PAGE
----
Silicone elastomers have been employed for many years in
medical, aerospace, electrical, construction, and industrial
applications. Good resistance to compression set, flexibility over wide temperature ranges,
a wide range of durometers, inert and stable compounds are among the reasons for their popularity today.
Silicone rubbers are synthetic polymers with molecular
structure consisting of a giant backbone with alternating silicon and oxygen atoms.
There are two popular catalyst systems used to cross-link silicone polymers: peroxide
(free-radical) systems and platinum (addition-cure) systems.
First generation silicones used peroxide as the catalyst to
initiate curing of the silicone. However, the peroxide reaction
leaves a residue in the rubber that can deposit a powder
on the part surface if not removed through a postcure process.
Though peroxide is still used, addition-cured,
platinum-catalyzed silicones are used nowadays on a large scale
because of their faster cure rates, lack of peroxide, and availability
in an injectable, liquid form.
The strong silicon-oxygen chemical structure of silicone gives
the elastomer its unique performance properties, including
biocompatibility, superior temperature and chemical resistance, good
mechanical and electrical properties, and natural clarity or
Mechanical Properties. Silicone rubbers have high tear and tensile strength,
good elongation ( up to 1300%) and flexibility, low compression set, and a durometer range
of 5 to 80 Shore A.
Electrical Properties. Silicones exceed all comparable
materials in their insulating properties as well as in their
versatility for electrical applications. They are nonconductive and
can maintain dielectric strength in temperature extremes far higher
or lower than those in which conventional insulating materials are
able to perform.
Chemical Resistance. Silicones resist water and many
chemicals, including some acids, oxidizing chemicals, ammonia, and
isopropyl alcohol. Concentrated acids, alkalines, and solvents
should not be used with silicones. However some grades have poor hydrocarbon,
oil and solvent resistance.
Heat Resistance. Silicones can withstand a wider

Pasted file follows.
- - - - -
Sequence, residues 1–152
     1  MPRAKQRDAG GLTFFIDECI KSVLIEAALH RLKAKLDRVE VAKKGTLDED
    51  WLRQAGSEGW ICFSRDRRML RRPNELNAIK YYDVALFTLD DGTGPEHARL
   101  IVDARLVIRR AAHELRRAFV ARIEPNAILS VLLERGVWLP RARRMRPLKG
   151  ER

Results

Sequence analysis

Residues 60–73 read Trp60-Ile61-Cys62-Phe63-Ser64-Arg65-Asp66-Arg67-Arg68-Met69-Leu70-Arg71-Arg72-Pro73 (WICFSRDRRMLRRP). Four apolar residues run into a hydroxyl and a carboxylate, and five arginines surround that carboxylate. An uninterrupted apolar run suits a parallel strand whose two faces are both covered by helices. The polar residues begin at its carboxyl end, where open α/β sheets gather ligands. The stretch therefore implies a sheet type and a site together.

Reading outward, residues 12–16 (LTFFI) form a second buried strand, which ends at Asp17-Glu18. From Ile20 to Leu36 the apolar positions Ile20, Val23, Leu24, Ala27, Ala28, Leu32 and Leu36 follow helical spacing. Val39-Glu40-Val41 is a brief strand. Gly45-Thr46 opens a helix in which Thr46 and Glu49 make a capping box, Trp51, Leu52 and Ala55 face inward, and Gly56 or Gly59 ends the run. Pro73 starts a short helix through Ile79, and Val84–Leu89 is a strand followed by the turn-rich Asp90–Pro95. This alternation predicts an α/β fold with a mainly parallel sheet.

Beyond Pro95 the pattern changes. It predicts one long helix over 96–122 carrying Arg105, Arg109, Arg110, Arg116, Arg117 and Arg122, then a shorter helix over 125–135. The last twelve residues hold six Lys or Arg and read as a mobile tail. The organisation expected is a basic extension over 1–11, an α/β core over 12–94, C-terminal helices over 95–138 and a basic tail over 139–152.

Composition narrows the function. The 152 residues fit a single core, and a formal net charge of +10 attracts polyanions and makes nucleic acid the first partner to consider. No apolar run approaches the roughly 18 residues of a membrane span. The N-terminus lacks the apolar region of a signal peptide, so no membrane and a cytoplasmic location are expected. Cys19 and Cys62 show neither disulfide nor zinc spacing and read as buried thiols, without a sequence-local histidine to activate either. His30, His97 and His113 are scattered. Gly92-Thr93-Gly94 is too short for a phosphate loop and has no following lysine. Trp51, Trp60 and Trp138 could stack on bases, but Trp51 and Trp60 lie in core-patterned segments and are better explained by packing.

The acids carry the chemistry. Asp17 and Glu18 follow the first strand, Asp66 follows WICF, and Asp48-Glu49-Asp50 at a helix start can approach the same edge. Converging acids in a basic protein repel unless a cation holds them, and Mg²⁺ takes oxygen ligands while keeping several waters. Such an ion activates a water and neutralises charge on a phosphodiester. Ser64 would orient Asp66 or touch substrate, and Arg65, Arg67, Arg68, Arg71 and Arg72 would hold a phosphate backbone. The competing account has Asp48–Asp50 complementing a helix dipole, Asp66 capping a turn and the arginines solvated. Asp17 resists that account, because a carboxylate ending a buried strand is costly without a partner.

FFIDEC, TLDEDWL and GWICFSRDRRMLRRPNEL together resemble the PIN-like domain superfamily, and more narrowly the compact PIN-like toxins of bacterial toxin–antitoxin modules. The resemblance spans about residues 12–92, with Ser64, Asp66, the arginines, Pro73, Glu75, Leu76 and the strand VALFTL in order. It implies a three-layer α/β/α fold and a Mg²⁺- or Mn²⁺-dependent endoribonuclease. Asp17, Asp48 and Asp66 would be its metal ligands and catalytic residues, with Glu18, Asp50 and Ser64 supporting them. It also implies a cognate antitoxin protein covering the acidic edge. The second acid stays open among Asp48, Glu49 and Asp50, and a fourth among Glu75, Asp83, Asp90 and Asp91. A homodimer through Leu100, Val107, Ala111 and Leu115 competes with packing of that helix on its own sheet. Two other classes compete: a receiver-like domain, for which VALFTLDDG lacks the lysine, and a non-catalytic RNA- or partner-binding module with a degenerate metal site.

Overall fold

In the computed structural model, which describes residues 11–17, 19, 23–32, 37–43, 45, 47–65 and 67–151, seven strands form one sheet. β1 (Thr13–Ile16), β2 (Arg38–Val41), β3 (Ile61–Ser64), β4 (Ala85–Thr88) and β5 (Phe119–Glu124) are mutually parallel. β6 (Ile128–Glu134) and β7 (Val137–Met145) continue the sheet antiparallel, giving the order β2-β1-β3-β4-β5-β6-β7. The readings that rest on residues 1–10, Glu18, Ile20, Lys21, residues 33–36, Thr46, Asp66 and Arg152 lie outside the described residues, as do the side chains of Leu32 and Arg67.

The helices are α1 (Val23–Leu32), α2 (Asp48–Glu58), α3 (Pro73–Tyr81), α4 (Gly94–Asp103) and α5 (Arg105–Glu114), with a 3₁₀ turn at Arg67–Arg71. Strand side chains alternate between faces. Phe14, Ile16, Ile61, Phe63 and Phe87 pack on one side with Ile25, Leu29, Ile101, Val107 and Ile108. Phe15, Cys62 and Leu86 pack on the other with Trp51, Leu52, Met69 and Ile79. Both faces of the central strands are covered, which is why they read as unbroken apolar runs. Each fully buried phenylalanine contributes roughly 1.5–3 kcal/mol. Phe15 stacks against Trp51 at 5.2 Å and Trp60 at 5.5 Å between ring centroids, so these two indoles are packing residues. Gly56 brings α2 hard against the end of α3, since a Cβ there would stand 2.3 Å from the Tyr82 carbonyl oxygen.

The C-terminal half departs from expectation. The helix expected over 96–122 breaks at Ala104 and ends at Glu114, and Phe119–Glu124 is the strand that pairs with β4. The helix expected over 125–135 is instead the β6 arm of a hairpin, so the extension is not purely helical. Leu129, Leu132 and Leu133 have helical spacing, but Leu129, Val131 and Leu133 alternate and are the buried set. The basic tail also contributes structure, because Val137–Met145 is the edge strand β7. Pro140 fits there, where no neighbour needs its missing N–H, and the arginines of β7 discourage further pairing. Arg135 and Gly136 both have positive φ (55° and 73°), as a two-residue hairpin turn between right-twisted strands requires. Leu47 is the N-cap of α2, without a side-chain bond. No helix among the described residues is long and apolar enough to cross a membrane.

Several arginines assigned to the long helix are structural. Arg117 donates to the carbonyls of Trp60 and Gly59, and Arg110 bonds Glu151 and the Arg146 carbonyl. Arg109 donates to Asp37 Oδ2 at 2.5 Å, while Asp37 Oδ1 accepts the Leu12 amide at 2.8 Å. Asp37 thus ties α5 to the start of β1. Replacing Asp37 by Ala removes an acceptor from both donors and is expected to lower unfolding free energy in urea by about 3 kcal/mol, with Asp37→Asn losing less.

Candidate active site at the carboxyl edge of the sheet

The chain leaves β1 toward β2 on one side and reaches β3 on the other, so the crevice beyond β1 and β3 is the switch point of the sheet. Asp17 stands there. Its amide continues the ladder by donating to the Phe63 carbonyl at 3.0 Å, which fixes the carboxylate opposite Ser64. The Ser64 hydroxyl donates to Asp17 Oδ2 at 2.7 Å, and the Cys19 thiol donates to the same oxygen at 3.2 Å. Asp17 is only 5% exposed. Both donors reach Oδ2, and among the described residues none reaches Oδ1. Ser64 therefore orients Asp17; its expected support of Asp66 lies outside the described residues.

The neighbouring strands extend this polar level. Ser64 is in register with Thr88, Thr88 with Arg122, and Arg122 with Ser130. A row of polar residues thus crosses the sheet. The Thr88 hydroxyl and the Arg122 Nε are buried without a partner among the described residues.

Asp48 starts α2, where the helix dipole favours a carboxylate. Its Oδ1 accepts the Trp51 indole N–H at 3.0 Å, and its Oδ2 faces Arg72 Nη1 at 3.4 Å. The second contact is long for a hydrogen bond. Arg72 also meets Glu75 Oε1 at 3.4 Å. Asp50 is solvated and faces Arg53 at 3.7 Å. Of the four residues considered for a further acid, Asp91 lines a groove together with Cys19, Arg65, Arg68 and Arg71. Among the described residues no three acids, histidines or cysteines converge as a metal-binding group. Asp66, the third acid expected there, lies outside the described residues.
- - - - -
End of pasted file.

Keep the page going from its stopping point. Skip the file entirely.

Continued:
range of temperature extremes than nearly all other elastomers,
remaining stable through temperature variations from –50° to 250°C.
They can be sterilized via steam autoclaving, gamma or E-beam irradiation,
and other methods.
Gas permeability. Silicone rubbers exhibit high gas permeability, allowing for this material to be used in medical applicattions
such as oxigen permeable membranes.
Biocompatibility. In extensive testing, silicone rubbers
have exhibited superior compatibility with human tissue and body
fluids and an extremely low tissue response when implanted, compared
with other elastomers. Odorless and tasteless, silicones do not
support bacteria growth and will not stain or corrode other
Silicone elastomers are typically molded by three
main methods: liquid injection molding (LIM), transfer molding, or
compression molding. In designing for the molding process,
designers should take into account the material shrinkage rate,
which can range from 2 to 4% depending on the type of silicone.
During molding, the three variables that must be controlled are
temperature, pressure, and time. The temperature must be high enough
to minimize cure times, yet low enough to prevent scorching of the
elastomer. The pressure selected must allow for complete mold
filling while permitting the venting of all the air, and must be
optimized to prevent voids and flash. As in most molding, precise
timing of all functions is critical for the production of
consistently high-quality, fully cured parts.
©2004 Trinom Prod Proiect